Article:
More Children In Institutions

Psychologists from the University of Liverpool have demonstrated that the trend toward international adoption a la Madonna and Angelina Jolie has resulted in increasing numbers of children living in orphanages. A study performed by the Liverpool psychologists produced statistics showing that EU member countries with the largest numbers of institutionalized children had the greatest numbers of parents hopping onto the bandwagon of international adoption. Researchers had assumed that a high number of international adoptions would correlate to reduced numbers of institutionalized children, but the opposite was found to be true. The statistics showed that prospective adoptive parents in Spain and France would rather adopt healthy white children from other countries than adopt local ethnic minority children.

Madonna Effect

Popular singer Madonna adopted a boy from Zambia in 2006 which led to a trend in international adoption. Psychologists labeled this trend, the "Madonna Effect." The details of the adoption were given wide coverage by the media and the idea of international adoption became romanticized in the eyes of the public who then followed Madonna's lead. Meantime, orphans in local institutions became an unpopular adoptive option and their numbers grew.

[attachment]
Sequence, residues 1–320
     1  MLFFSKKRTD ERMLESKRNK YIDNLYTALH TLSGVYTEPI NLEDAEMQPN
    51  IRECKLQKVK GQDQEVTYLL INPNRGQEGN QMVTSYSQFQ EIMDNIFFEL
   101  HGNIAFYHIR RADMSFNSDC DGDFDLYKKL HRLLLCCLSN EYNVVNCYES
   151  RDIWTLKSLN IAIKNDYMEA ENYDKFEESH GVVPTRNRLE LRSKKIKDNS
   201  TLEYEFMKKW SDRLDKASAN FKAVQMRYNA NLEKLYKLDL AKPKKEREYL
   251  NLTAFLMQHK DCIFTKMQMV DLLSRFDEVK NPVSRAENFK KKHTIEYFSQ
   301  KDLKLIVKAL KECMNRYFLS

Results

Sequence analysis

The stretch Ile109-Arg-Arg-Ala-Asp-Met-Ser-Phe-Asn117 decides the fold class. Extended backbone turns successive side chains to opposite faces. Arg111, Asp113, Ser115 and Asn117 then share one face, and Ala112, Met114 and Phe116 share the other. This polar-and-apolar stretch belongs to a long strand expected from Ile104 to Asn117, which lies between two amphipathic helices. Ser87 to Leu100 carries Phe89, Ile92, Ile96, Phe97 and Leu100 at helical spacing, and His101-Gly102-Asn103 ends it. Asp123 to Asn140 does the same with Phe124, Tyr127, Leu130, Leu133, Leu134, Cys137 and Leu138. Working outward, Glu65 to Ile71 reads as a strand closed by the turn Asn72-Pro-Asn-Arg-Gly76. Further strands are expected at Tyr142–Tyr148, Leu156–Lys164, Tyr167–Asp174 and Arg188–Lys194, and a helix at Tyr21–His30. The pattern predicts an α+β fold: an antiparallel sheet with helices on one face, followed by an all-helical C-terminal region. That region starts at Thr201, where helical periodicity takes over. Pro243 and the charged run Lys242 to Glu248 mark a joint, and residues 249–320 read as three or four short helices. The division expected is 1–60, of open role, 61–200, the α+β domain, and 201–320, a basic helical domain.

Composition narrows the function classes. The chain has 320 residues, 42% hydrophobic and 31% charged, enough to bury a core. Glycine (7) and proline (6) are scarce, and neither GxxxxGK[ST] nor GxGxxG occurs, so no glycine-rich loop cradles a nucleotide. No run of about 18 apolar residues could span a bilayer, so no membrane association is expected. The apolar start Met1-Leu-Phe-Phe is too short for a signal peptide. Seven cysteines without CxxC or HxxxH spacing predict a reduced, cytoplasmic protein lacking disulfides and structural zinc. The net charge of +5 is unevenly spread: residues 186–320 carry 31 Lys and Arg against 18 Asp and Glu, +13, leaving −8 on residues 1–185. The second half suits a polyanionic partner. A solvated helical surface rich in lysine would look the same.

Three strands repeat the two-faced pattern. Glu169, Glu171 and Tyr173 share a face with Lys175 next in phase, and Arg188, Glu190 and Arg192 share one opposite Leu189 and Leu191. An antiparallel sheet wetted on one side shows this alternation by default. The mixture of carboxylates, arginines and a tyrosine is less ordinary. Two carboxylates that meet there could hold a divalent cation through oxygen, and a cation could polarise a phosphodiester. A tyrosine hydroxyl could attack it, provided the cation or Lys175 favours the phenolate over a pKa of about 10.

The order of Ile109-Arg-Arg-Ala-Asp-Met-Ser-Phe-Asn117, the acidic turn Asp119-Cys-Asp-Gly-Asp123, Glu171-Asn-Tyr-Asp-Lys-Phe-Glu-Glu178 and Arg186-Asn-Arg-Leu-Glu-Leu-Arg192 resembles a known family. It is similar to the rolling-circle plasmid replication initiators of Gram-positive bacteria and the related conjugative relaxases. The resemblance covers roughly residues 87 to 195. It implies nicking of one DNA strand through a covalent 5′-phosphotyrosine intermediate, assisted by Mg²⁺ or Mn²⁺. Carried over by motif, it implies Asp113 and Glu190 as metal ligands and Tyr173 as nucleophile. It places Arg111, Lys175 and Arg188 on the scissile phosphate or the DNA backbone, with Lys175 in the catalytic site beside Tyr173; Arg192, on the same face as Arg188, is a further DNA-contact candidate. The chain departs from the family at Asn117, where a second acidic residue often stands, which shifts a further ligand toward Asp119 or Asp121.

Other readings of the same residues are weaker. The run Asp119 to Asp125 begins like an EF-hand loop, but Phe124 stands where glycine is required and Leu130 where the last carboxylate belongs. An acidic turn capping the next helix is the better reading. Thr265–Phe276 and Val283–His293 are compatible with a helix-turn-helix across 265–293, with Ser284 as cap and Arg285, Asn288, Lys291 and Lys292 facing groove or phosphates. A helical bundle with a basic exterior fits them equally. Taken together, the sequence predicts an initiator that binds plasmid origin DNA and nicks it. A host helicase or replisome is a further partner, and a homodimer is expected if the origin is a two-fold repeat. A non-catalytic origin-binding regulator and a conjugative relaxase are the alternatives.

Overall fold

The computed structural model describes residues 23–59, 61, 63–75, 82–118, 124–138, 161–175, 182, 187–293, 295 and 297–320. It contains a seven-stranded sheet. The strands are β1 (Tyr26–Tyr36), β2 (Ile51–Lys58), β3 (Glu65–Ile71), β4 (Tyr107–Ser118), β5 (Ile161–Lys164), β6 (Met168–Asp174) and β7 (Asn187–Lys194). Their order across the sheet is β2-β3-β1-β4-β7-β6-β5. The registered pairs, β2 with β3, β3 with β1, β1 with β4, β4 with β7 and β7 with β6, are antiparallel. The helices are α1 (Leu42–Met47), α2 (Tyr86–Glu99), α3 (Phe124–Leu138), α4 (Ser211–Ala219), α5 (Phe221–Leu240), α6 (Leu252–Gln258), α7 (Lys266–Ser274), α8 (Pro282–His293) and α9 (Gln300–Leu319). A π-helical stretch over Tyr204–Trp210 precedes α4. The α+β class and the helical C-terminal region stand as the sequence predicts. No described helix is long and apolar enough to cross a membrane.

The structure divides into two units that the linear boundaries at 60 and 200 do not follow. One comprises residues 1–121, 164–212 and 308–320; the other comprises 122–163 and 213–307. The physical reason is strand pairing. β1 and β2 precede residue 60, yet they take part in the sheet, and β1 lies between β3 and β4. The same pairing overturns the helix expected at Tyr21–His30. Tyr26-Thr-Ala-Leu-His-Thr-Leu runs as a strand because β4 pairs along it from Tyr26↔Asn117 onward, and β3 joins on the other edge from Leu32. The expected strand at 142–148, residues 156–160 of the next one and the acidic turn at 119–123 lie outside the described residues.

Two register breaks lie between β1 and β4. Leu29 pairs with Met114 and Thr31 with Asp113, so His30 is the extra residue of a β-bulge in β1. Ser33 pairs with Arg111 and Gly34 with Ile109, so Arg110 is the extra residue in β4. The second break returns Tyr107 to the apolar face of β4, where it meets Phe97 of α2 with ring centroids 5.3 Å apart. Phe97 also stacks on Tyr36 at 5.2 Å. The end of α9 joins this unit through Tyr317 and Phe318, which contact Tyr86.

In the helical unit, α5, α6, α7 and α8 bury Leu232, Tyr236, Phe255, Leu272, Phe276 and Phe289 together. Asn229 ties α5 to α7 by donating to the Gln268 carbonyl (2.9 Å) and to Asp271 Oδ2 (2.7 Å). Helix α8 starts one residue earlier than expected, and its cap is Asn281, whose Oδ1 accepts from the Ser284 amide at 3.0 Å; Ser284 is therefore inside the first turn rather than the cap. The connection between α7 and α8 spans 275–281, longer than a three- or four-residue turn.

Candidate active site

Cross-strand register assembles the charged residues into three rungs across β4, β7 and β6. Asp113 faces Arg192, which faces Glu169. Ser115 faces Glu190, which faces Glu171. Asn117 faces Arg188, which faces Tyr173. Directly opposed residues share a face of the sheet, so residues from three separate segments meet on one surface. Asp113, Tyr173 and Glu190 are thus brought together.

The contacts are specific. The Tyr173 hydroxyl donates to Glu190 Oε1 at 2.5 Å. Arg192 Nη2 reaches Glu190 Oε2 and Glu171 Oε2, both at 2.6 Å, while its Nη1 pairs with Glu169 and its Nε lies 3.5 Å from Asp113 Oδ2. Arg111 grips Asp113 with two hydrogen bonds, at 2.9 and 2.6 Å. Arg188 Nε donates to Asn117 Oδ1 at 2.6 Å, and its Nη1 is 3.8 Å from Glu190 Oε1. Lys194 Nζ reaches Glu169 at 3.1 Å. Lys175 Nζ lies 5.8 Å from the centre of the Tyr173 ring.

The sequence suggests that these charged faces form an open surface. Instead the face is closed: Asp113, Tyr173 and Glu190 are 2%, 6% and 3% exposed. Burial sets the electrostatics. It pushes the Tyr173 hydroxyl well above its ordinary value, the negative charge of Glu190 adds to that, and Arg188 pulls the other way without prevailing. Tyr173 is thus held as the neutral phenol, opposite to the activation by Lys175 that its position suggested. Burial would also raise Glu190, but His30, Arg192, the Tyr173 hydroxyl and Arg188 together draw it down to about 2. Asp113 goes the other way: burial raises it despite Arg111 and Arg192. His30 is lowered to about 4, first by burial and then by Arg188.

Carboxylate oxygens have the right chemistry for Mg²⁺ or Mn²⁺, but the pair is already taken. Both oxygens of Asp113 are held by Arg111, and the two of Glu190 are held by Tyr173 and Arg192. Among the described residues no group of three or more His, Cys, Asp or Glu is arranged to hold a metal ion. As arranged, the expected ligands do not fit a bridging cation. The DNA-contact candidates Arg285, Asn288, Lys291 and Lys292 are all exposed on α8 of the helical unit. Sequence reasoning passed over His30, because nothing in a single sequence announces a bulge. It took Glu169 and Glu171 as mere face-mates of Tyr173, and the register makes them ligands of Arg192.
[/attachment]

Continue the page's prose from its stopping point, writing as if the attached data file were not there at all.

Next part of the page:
Child psychologist, Professor Kevin Browne said, "Some argue that international adoption is, in part, a solution to the large number of children in institutional care, but we have found the opposite is true. Closely linked to the Madonna-effect, we found that parents in poor countries are now giving up their children in the belief that they will have a 'better life in the west' with a more wealthy family."

Browne also stated that celebrities continue to encourage international adoption though it is now known that as many as 96% of all orphans in European institutions turn out to have a living parent known to local adoption agencies. Because the laws aren't enforced, international adoption is quick and easy.  Governments and orphanages benefit from international adoption but many of them act in direct contravention of the UN's Convention of the Rights of the Child which allows international adoption only in the case where orphans fail to find placement in their countries of birth.

Careful Monitoring

The Liverpool researchers have recommended that more careful monitoring of international adoption practices is necessary to ensure that the rights of orphaned children be protected. International adoption is meant to be an option for orphans for whom all other avenues for placement have been exhausted. In other words, international adoption policies must take the children into consideration over the desires of prospective parents from other countries.

This research study based its analysis on data from 33 European countries. The study took into account the numbers, background, and ethnicity of orphans residing in institutions for a period exceeding three months' time.